The committee is also considering introduction of a modified tax structure wherein raw materials attract the least rate, intermediate goods a higher rate and final products the highest rate of duty. It is also considering extension of the input credits scheme to the service sector besides deriving ways to improve the mindset of tax collectors as well as taxpayers.

The committee will submit its recommendations by the end of November.

The committee's proposals are expected to be incorporated in the budget proposals for the next financial year. It has sent questionnaires to various central excise commissionerates seeking views on various tariff rates, excise duty valuation methods, Modvat rules, procedures and tax administration.

It has also enquired if moving the budget to the winter session of Parliament was desirable which would enable the government to implement the revamped excise administration from the beginning of the next financial year.

On Modvat credit, the committee has enquired whether the input credits scheme could be extended to the service sector and if streamlining the verification procedures of Modvat invoices is possible. It has also asked the commissionerates to identify commodities on which there is excess Modvat credit accumulation.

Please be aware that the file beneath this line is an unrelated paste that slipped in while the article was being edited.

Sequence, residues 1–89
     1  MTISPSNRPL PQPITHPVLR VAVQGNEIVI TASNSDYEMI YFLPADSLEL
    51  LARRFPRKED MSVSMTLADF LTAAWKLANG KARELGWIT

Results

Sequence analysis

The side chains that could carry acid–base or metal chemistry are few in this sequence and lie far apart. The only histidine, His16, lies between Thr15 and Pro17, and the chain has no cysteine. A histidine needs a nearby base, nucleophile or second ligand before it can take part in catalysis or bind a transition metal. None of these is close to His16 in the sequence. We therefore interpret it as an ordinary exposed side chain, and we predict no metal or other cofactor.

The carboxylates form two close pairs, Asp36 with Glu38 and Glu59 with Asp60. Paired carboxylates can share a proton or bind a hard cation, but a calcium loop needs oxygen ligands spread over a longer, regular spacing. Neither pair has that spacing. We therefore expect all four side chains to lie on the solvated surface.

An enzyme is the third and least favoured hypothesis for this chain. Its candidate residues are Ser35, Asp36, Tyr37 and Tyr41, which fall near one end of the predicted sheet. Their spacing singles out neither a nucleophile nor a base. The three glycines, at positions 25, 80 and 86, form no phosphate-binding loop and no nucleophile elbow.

The committee is also considering modifying valuation methods for excise duty imposition to make the process more transparent. It has asked the commissionerates whether the existing maximum retail price-based assessment has led to more certainty regarding the incidence of taxation and also if the ad valorem rates of duty are preferred to specific rates.

The committee is chaired by Gopinath Sarangi, chief commissioner, Central Excise, Mumbai. Other members of the committee include H R Ghera from the Confederation of Indian Industry, K K P Nair and A S Kasliwal from the Federation of Indian Chamber of Commerce and Industry, Tarun Das, economic advisor to the finance ministry and S K Bhardwaj and S K Sawhney from the Central Excise Department.

image
Business Standard
177 22